10 Rules for Students & Teachers Created by Sister Corita Kent, and Popularized by John Cage

cage teaching rules

Image by WikiArt, via Wikimedia Commons

Avant-garde composer John Cage started out as a disciple of Arnold Schoenberg. He greatly looked up to the exiled Austrian as a model of how a true artist ought to live. Cage, in turn, inspired generations of artists and composers both through his work – which incorporated elements of chance into his music – and through his teaching.

One of those whom he inspired was Sister Corita Kent. An unlikely fixture in the Los Angeles art scene, the nun was an instructor at Immaculate Heart College and a celebrated artist who considered Saul Bass, Buckminster Fuller and Cage to be personal friends.

In 1968, she crafted the lovely, touching Ten Rules for Students and Teachers for a class project. While Cage was quoted directly in Rule 10, he didn’t come up with the list, as many website sites claim. By all accounts, though, he was delighted with it and did everything he could to popularize the list. Cage’s lover and life partner Merce Cunningham reportedly kept a copy of it posted in his studio until his dying days. You can check the list out below:

RULE ONE: Find a place you trust, and then try trusting it for a while.

RULE TWO: General duties of a student: Pull everything out of your teacher; pull everything out of your fellow students.

RULE THREE: General duties of a teacher: Pull everything out of your students.

RULE FOUR: Consider everything an experiment.

RULE FIVE: Be self-disciplined: this means finding someone wise or smart and choosing to follow them. To be disciplined is to follow in a good way. To be self-disciplined is to follow in a better way.

RULE SIX: Nothing is a mistake. There’s no win and no fail, there’s only make.

RULE SEVEN: The only rule is work. If you work it will lead to something. It’s the people who do all of the work all of the time who eventually catch on to things.

RULE EIGHT: Don’t try to create and analyze at the same time. They’re different processes.

RULE NINE: Be happy whenever you can manage it. Enjoy yourself. It’s lighter than you think.

RULE TEN: We’re breaking all the rules. Even our own rules. And how do we do that? By leaving plenty of room for X quantities.

HINTS: Always be around. Come or go to everything. Always go to classes. Read anything you can get your hands on. Look at movies carefully, often. Save everything. It might come in handy later.

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Via Gotham Writers

Related Content:

Listen to John Cage’s 5 Hour Art Piece: Diary: How To Improve The World (You Will Only Make Matters Worse)

Hear Joey Ramone Sing a Piece by John Cage Adapted from James Joyce’s Finnegans Wake

Watch a Surprisingly Moving Performance of John Cage’s 1948 “Suite for Toy Piano”

Woody Guthrie’s Fan Letter To John Cage and Alan Hovhaness (1947)

Jonathan Crow is a Los Angeles-based writer and filmmaker whose work has appeared in Yahoo!, The Hollywood Reporter, and other publications. You can follow him at @jonccrow.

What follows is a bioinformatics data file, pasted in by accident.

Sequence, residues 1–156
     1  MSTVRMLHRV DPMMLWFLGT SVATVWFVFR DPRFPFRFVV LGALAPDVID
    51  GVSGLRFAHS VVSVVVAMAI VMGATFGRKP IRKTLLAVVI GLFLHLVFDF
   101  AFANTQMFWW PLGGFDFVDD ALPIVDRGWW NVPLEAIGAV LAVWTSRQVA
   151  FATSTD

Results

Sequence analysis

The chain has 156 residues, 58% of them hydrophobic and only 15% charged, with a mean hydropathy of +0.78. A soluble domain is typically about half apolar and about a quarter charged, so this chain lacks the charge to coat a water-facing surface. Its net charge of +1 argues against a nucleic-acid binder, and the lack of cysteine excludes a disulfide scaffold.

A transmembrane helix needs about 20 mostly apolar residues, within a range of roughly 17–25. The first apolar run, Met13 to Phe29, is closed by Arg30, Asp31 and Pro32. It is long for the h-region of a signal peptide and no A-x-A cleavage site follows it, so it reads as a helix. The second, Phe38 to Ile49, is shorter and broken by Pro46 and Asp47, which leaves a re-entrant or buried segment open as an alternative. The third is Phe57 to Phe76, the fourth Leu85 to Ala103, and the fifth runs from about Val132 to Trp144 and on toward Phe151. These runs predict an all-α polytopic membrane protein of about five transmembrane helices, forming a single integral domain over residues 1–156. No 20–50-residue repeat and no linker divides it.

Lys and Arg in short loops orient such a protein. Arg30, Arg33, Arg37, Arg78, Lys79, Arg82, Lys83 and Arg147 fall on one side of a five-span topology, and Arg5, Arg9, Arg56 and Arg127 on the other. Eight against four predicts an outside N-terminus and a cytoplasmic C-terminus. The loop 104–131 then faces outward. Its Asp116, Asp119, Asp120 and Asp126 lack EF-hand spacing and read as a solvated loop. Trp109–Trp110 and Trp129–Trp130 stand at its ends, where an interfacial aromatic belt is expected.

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Comments (13)
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  • Alan Drabke says:

    Hooray! Somebody finally said something positive about a woman of the cloth! Careful know, ehat if everyone in the performing arts community becomes a tee totaler!

    (O.K. I used a tired worn out cliche, now you know I’m a baby boomer.)

  • John Kennedy says:

    Just to clarify, this list was not made by John Cage. Nor did he ever have anything to do with this or as you say, do “everything he could to popularize the list”. Cage did not believe in rules for art, even benign ones and pleasant ones such as these. This is recirculated internet myth that is unfortunately, fast becoming “history”.

  • arvind verma says:

    nice rule

  • Patrik says:


    Here’s a nice poster by swedish graphic designer Rikard Heberling containing the rules

  • Esther Megargel says:

    I have kept this list in a prominent place and refer to it often. It’s great advice for a composer, even though John Cage didn’t write it.

  • Anastasia says:

    Aren’t the rules popularized by Sister Coritha Kent then ?

  • Abraham lincoln says:

    These rules don’t make sense.


    It’s a shame you’ve focused on John Cage rather than Corita Kent, who wrote the list.

  • Jeff Gates says:

    I taught college for 23 years. I was always amazed by those who approached me at the beginning of the term to ask, “What do I need to do to get an ‘A’? Finally, I came up with a perfect response: “If you listen to me, you’ll get a C; if you learn something, you’ll get a B; but if you teach me something, you’ll get an A.” I wasn’t there to just blab. I was there to discuss and question.

  • CS says:

    Shouldn’t the photo be of Corita Kent? John Cage is cool, but not the author of the list.

  • JrF says:

    this is misogyny plain & simple. Cage had nothing to do with writing the list & yet he is the focus of the headline & image & text of the article.

  • VermontHillsAreTheBest says:

    Give credit where credit is due PLEASE.

  • Tina Elliott says:

    I LOVE LOVE what Jeff Gates above says the tells students who ask: “What do I need to do to get an ‘A’? 1) “If you listen to me, you’ll get a C; 2)if you learn something, you’ll get a B; 3)but if you teach me something, you’ll get an A.”

    Its a shame but I MUST tell high school students to Be kind & courteous, to Keep voices calm and use respectful and appropriate language.

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